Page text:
c/o Saam Niami Jalinous, Features Editor.

c/o Saam Niami Jalinous, Features Editor.

This profile is part of an ongoing Argus series on Muslims, refugees, and other students on campus who may be negatively affected by the Trump Administration. To suggest a student, email Features Editor Saam Niami Jalinous at sjalinous@wesleyan.edu. 

Munawar Rahman ’20 loves Sci-Fi, superheroes, and museums. He wants to be in a theater department show, and plans to major in Computer Science and Psychology. He has a drawing of Bernie Sanders on his wall in his freshman dorm in the Nics. He works out in his free time and his character glows of calm determination. Munawar, or “Muni,” as he’s come to be known at Wesleyan, is a Muslim from Queens. And he wants to be the change he wishes to see.

His parents are Muslim immigrants from Bangladesh, and his father is an engineer.

“When he immigrated from Bangladesh, all he had was his software engineering degree,” he said of his father. “He started working with computers in the States. Getting jobs, teaching people how to use them, and that’s where his career went. I got exposure to that at a young age.”

Muni plans to go into software development, hopefully working with accessibility or artificial intelligence.

“I wanted to incorporate psychology in my thing,” he said. “Because I care about the human condition enough that I want to make sure technology works for us.”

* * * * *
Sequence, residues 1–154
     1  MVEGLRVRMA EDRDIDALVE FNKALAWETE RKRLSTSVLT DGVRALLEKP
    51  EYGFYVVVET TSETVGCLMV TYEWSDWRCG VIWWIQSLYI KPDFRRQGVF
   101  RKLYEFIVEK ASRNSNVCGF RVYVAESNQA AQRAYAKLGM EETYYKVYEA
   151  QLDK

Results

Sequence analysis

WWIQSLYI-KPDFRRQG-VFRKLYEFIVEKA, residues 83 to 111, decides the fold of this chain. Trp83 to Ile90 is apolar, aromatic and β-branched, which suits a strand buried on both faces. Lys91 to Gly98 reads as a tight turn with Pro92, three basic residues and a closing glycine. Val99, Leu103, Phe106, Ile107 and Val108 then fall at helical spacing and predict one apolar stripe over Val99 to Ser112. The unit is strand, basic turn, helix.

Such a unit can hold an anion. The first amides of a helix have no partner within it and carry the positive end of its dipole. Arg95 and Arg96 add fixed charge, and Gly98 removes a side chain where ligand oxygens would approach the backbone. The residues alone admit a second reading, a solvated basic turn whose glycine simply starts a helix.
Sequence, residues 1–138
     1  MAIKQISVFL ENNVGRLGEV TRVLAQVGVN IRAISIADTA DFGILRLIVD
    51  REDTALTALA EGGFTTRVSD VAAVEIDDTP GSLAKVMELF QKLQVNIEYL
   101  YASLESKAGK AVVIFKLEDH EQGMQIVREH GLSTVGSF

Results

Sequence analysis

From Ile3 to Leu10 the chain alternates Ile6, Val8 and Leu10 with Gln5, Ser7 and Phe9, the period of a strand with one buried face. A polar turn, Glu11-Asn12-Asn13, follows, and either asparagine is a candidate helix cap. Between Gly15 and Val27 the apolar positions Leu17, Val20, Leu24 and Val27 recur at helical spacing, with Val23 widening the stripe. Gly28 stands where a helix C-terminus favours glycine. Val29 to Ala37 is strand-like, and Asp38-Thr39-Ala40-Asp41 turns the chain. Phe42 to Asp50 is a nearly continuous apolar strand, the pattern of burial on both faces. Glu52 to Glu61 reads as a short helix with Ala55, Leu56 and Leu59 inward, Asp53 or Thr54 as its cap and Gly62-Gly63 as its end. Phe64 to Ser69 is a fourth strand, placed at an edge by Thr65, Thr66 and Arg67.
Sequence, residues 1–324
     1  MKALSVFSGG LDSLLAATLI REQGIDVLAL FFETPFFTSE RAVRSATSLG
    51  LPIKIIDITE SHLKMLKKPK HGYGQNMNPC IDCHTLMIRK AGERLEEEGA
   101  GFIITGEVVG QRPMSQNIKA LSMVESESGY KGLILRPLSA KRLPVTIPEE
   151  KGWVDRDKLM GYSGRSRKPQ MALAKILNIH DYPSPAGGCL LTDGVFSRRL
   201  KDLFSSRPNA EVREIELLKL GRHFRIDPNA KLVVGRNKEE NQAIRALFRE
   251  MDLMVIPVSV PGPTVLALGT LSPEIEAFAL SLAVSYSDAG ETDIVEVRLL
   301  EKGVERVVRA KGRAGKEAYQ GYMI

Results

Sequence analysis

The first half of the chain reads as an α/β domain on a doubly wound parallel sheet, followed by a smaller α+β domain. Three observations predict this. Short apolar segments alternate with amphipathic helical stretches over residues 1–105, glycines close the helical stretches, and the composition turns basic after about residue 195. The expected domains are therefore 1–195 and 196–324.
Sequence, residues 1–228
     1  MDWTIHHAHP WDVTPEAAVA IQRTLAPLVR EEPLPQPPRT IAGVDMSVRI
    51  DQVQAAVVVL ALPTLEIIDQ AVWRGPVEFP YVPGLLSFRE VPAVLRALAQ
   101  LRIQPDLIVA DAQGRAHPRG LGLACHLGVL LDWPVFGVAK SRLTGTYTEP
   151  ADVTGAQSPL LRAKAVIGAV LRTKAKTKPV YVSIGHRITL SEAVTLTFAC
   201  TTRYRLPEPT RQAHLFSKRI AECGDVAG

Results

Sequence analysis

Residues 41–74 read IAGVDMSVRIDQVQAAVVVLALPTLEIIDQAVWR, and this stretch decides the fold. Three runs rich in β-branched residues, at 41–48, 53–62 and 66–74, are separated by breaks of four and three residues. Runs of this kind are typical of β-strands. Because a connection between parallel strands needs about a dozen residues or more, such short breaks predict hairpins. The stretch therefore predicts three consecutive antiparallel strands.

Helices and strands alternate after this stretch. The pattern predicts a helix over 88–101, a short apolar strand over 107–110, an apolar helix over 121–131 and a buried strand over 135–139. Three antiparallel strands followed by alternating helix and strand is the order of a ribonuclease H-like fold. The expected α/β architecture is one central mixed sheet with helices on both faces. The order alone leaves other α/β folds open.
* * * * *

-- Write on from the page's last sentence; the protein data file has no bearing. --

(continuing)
But Muni is worried about what his level of success may imply in broader cultural expectations of immigrants.

“A lot of immigrants, especially Asian ones, face the “model minority” stereotype, he said. “And at the beginning, I was like, ‘Yeah, that’s me.’ Model minority. Trying to be like my dad and do computer stuff. But that’s necessarily attached to the stigma of being brown in the United States. And then I realized, as much as I want to be successful in a career path, I don’t want to conform to that stereotype, and be an example that is used against others. Like people will point at black people in the U.S. or Mexican people, and then point at me, or Asian students, or white students, and be like, ‘Why can’t you be more like them?’”

Muni is also extremely politically active, stemming from his extensive reading of sci-fi and novels.

“My Facebook feed is just a bunch of very far-left liberalism,” he said. “Since I’m from New York, despite being in the city, I never really went out much. I would read a lot. Read a lot of Sci-Fi. Read a lot of novels. That’s what got me into the world of theater and the world of social justice. I took English classes, and my teachers were like, ‘This is what the world is like.’”